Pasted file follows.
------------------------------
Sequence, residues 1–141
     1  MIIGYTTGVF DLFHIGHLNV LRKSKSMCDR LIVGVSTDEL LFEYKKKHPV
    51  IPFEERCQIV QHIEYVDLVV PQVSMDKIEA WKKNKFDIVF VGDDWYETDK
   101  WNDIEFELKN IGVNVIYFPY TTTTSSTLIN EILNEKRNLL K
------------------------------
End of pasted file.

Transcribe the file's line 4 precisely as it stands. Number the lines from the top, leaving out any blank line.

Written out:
   101  WNDIEFELKN IGVNVIYFPY TTTTSSTLIN EILNEKRNLL K